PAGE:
Margaret is the chairwoman of the Naserian Women’s Donkey Welfare Group in her village in the Maasai Mara. Brooke East Africa works with the group through their partner, Farming Systems Kenya, to educate women on how to care for the donkeys. Before Brooke’s intervention, Margaret’s donkey would graze on whatever he could find in the bush. The donkeys now graze with other livestock in paddocks, and they receive grounded corn maize before work. “My donkeys look much happier now that I have more knowledge on feeding and watering,” Margaret said.
Brooke has not only taught Margaret and the other women of the village how to use the donkeys to transport water and goods, but how to make money to pay for the education of girls.
With donkeys hauling the heavy water cans, the women can fill extra cans and sell them in the village. They can also buy extra produce at the market and sell it. The group uses the extra income to educate girls in the village, who by Maasai tradition, are often kept at home and married off at a young age. So far, the group has earned enough money to pay for two girls to graduate from college, and another is currently applying.
“I feel proud because even if we don’t have the ability to make big changes for the girl child, small things make a difference. It feels good to know the girl child is not at home, and that she’s at school. It is something very emotional for us to see.”
THE LEGACY OF DOROTHY BROOKE:
Brooke Named Official Charity of WEG
The Brooke was started in 1934 by a British woman named Dorothy Brooke, who was moved to take action after seeing the emaciated condition of horses in Egypt following World War I. Brooke launched a fundraising effort to purchase old war horses in Egypt and sought to restore their health and dignity. She founded the Old War Horse Memorial Hospital in Cairo, offering free veterinary care for all the city’s working horses and donkeys. From there, Brooke has grown into the largest animal welfare charity for working equines in the world.
“The FEI World Equestrian Games™ Tryon 2018 has selected the Brooke as the official charity of the games because of the way Brooke has significantly improved the lives of working equines and the people they serve throughout Asia, Africa, the Middle East, and Latin America,” said Katherine Bellissimo, who serves on the board of sister organization Brooke USA, which raises funds and directs funding for Brooke’s mission.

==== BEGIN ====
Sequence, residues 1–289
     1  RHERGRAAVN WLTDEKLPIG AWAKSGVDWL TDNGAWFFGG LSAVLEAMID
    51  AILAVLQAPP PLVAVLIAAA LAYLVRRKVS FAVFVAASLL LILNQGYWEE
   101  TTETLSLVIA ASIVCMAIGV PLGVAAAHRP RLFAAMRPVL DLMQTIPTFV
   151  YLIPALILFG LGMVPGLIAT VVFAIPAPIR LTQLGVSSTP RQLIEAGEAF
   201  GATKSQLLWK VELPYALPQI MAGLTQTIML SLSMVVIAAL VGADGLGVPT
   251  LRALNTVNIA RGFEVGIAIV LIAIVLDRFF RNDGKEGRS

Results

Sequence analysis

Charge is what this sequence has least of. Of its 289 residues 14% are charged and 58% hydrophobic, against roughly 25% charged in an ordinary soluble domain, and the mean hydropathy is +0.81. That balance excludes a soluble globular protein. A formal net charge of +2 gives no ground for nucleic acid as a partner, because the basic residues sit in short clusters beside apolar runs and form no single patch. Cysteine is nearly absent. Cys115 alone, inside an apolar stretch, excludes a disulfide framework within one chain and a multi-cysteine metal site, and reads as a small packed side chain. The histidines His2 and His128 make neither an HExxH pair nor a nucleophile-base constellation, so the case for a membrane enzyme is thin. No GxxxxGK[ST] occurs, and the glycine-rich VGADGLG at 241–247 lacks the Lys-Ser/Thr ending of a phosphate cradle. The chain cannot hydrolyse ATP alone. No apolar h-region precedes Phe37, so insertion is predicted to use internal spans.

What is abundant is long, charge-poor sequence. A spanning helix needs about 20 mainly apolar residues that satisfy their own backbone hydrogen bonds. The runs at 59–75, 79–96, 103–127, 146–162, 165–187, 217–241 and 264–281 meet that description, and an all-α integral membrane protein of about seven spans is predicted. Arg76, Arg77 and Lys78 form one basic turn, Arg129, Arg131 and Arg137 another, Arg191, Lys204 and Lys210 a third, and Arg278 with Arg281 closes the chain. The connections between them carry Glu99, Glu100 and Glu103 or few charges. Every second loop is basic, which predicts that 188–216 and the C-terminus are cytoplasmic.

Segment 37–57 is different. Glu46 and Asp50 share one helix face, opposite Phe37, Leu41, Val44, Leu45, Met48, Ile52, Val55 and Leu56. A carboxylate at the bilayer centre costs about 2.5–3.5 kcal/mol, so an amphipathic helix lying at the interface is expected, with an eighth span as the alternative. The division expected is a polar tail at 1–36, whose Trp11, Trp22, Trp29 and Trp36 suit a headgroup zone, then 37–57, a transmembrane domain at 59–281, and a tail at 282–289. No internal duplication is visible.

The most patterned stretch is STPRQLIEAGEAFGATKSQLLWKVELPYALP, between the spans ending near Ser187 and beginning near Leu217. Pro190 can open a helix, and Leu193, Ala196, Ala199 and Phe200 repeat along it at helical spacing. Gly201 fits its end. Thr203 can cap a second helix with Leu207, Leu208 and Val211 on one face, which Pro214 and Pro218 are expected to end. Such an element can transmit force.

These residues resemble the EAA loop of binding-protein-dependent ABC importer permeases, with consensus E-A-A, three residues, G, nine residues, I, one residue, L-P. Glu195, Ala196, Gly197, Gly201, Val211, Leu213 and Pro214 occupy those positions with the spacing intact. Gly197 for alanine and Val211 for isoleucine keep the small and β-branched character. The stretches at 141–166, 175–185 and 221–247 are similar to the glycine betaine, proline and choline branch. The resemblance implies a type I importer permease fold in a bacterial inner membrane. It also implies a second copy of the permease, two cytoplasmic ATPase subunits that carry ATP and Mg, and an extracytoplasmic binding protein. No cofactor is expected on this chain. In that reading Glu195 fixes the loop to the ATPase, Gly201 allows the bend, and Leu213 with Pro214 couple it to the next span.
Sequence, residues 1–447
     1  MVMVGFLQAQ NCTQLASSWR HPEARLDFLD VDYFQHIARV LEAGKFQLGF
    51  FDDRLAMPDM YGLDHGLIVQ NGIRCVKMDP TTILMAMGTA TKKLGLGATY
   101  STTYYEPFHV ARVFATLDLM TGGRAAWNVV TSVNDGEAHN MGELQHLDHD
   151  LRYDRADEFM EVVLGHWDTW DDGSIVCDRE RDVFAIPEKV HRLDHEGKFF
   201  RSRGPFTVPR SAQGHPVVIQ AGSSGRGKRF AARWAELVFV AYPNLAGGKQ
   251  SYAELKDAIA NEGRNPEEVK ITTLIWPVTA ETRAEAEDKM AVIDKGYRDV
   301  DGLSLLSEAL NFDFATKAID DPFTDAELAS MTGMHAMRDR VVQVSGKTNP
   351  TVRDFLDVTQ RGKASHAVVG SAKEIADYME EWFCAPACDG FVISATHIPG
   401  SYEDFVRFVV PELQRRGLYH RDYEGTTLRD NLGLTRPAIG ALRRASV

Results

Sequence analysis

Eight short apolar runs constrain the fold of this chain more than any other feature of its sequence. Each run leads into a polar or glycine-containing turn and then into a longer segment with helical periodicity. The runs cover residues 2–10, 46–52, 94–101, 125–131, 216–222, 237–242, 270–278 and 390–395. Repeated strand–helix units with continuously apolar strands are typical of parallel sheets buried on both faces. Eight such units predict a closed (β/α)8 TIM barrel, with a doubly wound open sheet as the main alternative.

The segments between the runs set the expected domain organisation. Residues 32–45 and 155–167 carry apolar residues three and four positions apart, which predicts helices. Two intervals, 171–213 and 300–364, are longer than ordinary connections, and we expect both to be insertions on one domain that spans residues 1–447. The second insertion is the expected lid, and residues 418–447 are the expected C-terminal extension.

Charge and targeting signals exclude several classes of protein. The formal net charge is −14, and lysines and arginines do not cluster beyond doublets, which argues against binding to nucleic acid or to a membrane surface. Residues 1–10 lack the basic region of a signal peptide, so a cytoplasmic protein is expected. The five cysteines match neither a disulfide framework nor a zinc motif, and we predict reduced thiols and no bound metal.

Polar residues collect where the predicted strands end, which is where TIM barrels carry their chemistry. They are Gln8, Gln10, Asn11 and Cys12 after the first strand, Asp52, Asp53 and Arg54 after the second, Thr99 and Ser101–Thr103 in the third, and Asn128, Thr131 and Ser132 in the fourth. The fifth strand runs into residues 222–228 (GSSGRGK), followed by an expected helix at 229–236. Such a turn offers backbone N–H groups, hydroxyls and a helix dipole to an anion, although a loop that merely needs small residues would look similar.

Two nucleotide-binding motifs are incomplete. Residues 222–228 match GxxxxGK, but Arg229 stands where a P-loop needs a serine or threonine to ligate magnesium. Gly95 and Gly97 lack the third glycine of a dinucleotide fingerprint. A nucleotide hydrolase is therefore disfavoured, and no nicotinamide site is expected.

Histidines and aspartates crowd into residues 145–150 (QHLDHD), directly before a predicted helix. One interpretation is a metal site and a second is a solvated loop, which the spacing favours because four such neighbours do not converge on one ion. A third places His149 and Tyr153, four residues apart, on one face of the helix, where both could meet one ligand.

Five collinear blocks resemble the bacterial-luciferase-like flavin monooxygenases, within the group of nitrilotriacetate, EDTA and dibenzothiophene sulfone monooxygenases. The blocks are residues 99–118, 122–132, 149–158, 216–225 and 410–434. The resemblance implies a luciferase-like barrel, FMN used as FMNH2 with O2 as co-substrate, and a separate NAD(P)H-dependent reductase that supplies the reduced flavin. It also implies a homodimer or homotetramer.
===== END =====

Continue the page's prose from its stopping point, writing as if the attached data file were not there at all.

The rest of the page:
“The overarching theme of WEG is ‘Celebrate the Horse, Celebrate the Sport: #Together,’ commemorating the deep connection and interdependencies that exist between humans and equines. For much of the developed world, this relationship has become one of leisure and sport, but for over 600 million people, the relationship is still one of survival,” according to Bellissimo.
“The work that Brooke and Brooke USA do for both horses and humans around the world is incredibly admirable, and it embodies our organization’s goal of celebrating the ways we depend on this beautiful creature through this event,” Bellissimo said. “It is only natural that the world’s largest working equine welfare charity be chosen as a beneficiary of the world’s largest equestrian competition.”
“Often their intervention means the difference between life and death for a working equine and the economic security of a family.”
In an effort to draw attention to Brooke USA’s work, Bellissimo and her husband, Mark, annually host a party at the end of the Winter Equestrian Festival in Wellington to raise money for the organization. Known as the Nic Roldan’s Sunset Polo & White Party, the event at the Wanderer’s Club has sold out every year since its inception in 2016. Th e event draws equestrians from multiple disciplines to raise money for Brooke.
The party was a huge success, raising $250,000 in its first year. Last year, it doubled that amount, raising $500,000. “Th e White Party is really amazing because of the energy and awareness that it created around Brooke USA’s funding priorities,” Bellissimo said. Th e event brought together the various equestrian disciplines at the Winter Equestrian Festival—jumpers, polo players, hunters, and dressage riders for one cause: improving the lives of the working equine.
“It is only natural that the world’s largest working equine welfare charity be chosen as a beneficiary of the world’s largest equestrian competition.”
“The common bond that we all share is the connection with the horse, passion for the horse, and the understanding how much horses do for us as well as the presence they have had throughout history and moving forward into the future,” Bellissimo said. “Th at is really the theme that we have and why it is important for us to be involved in the Brooke.”
Some might question why it is important to improve the lives of working equines when there is so much human hunger in the world. As Bellissimo sees it, working equines, like donkeys, play a crucial role in the basic survival of people living in impoverished communities. Every working equine that is helped by Brooke helps at least six people meet their basic needs.
“Donkeys and other working equines are the main source for people to survive,” Bellissimo said. They provide for the family and relieve women of the many tasks that fall to them from carrying water long distances to carrying food from the fields. “So beside our common love for the equines, supporting Brooke is multi-purposed because of the tremendous amount of help that you give to these families and their communities to become, through education and support, more self-sufficient.”
As the official charity, Brooke will showcase the work that it does at WEG. Brooke USA plans to build a commemorative walkway called the Brooke Breezeway at the Tryon International Equestrian Center and sell “Brooke Bricks” in honor of the games and the important service provided by working equines around the world.
“We could not be prouder of the role we played in bringing Brooke to WEG. Thanks to our supporters, Katherine and Mark Bellissimo, this is a unique opportunity for both Brooke and Brooke USA. Together, we are focused on increasing awareness for the plight of working equines; we know that to make a real difference, we need the support of many. WEG gives us the opportunity to make new friends, raise money for the cause, and build momentum to catapult us into the future,” said Emily Marquez-Dulin, executive director of Brooke USA.